Memoirs about Meteorologists using CoCoRaHS Data

This is the first of two blog posts highlighting how CoCoRaHS data is used and the value of the reports. First, we explore some of the meteorological applications of CoCoRaHS data.

Whether you are a current CoCoRaHS volunteer or are interested in joining this network of rainfall observers, you should know that your data is valuable to scientists, researchers, teachers, and maybe even your neighbor down the street!

Scientists in our office utilize CoCoRaHS observations for research as well as for writing some of our blog posts. In particular, Applied Climatologist Corey Davis says, “it’s not a stretch to say that we use that data pretty heavily in our event recaps”. The CoCoRaHS snowfall data has been extremely useful for writing Rapid Reaction posts, including the first major storm event this winter on January 22-23, which just so happens to be one of our Twister Twelve in the voting for North Carolina’s top weather event.

NC CoCoRaHS snowfall totals on Jan 22nd.

David Glenn, a meteorologist with the National Weather Service (NWS) in Morehead City, says these extra observations are used directly in the forecast and warning process. Particularly during heavy rain events, NWS scientists consult CoCoRaHS data that are submitted as Significant Weather Reports, which are precipitation measurements not necessarily taken at the standard morning observation time.

Instead, an observer gives details — such as precipitation duration and the extent of any flooding — as the event is taking place or shortly thereafter. For instance, if a CoCoRaHS volunteer were to observe an inch of rain in 30 minutes, they could report that information using this form. Glenn notes that once submitted, “these reports immediately alert forecasters at the NWS which may aid in issuing flood statements/warnings or aid in verification”.

These significant weather reports help the NWS assess local conditions, such as when creeks might rise above flood stage.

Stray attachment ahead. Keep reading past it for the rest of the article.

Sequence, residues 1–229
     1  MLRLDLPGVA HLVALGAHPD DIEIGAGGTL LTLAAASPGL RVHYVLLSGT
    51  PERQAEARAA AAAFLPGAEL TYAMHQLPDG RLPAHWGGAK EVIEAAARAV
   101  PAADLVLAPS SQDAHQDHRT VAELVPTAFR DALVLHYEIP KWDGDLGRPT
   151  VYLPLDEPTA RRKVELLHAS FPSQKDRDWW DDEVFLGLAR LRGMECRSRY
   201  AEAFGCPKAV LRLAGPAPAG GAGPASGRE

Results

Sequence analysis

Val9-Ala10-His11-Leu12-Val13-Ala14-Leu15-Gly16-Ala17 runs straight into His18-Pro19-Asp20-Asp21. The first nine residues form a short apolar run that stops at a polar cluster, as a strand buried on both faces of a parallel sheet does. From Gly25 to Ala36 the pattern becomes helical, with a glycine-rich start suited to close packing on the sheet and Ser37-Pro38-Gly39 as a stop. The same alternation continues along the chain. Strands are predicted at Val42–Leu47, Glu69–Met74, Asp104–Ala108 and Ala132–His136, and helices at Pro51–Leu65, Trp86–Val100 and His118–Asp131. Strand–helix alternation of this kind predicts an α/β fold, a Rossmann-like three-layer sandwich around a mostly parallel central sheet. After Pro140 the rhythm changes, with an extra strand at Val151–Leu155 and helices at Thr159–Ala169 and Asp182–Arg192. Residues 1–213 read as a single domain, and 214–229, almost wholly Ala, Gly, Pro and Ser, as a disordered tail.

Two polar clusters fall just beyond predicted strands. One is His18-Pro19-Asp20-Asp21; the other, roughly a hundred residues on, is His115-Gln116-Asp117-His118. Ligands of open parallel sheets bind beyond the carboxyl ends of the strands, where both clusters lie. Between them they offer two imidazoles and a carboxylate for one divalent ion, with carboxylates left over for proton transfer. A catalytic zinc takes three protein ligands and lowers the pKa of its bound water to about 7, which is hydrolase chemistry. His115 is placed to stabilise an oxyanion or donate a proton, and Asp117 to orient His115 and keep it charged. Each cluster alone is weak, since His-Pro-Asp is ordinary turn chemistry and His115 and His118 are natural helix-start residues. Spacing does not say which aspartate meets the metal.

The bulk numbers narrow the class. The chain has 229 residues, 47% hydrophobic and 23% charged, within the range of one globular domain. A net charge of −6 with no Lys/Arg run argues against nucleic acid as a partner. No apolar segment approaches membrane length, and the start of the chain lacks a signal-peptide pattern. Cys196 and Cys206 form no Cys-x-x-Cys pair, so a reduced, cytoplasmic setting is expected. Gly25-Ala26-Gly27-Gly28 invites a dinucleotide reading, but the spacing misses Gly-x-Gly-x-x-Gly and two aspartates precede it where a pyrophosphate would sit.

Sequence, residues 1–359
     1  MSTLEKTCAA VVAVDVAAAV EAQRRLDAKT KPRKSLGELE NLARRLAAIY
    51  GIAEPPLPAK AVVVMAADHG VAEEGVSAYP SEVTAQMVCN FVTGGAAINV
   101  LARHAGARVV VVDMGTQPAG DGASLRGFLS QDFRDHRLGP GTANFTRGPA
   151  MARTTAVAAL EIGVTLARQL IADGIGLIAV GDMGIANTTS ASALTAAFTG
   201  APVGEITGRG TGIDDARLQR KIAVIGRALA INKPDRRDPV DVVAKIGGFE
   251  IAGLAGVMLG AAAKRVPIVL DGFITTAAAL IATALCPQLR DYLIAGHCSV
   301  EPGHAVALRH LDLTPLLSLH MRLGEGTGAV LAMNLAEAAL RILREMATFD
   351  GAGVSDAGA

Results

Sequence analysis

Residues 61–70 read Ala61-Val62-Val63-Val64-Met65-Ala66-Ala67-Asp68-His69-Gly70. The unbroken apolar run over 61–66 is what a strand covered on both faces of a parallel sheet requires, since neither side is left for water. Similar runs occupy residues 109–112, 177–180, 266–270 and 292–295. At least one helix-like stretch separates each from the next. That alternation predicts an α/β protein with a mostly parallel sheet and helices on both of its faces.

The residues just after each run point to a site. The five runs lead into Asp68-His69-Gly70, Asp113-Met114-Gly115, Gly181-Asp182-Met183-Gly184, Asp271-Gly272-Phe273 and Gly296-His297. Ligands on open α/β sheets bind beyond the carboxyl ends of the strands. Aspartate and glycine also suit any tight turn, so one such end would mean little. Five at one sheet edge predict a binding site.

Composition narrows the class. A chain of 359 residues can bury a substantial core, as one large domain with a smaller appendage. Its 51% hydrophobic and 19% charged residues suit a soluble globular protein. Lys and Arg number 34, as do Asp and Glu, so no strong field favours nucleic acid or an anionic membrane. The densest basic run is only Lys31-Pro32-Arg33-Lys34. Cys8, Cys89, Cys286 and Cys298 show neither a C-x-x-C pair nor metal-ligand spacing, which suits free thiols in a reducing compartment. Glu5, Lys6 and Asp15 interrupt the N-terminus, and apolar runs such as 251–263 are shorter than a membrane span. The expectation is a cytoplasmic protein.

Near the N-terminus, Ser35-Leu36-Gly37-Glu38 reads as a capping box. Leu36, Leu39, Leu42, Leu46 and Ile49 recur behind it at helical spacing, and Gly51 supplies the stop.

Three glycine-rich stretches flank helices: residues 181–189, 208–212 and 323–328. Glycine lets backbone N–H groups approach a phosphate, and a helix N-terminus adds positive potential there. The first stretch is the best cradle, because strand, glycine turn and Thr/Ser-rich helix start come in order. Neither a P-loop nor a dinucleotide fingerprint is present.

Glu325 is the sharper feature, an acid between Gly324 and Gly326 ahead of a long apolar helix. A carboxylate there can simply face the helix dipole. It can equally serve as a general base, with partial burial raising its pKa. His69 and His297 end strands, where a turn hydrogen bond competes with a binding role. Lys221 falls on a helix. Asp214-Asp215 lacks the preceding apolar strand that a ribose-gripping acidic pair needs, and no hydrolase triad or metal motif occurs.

“In Eastern NC, we have a ‘flashy’ stream in southern Pitt County called Chicod Creek near Simpson,” said Glenn. “It is too far away to be compared to the airport observation at Pitt-Greenville Airport but we have several CoCoRaHS observers near Simpson.”

Location of Chicod Creek and nearby CoCoRaHS observers.

These dedicated CoCoRaHS observers are a crucial part of making a flood forecast possible at Chicod Creek.

Nationally, CoCoRaHS data are also used by NWS to determine precipitation totals from recent weather events. Glenn said CoCoRaHS reports are considered very “official” after significant events like hurricanes, winter storms, and flooding occurrences since the observations become part of the local weather history for the event.

For example, multi-day precipitation totals from CoCoRaHS observers in eastern North Carolina were included in the NWS National Hurricane Center’s Tropical Cyclone Report for Hurricane Irene in 2011. Observers in Havelock and Greenville reported more than a foot of rain during the event, and their reports helped document Irene’s impacts across the Coastal Plain.

CoCoRaHS rain gauge damaged by a sweetgum tree during Hurricane Irene. (Image courtesy of David Glenn.)

An active CoCoRaHS observer at his home near Bogue, Glenn’s most memorable report — an incomplete one — took place during Hurricane Irene.

“During Hurricane Irene (2011) my gauge was hit with a large limb from a sweetgum tree which broke the outer cylinder and displaced the funnel about 50 yards away. I had over six inches of rain in the cracked (and leaking) CoCoRaHS gauge. I was more upset that my gauge was broken and my report would be an estimate, than any tree damage across my property.”

Of course, safety is the top priority during any weather event, but when conditions allow for safe reporting, CoCoRaHS observers provide an important local perspective on weather conditions that is invaluable to meteorologists across the country.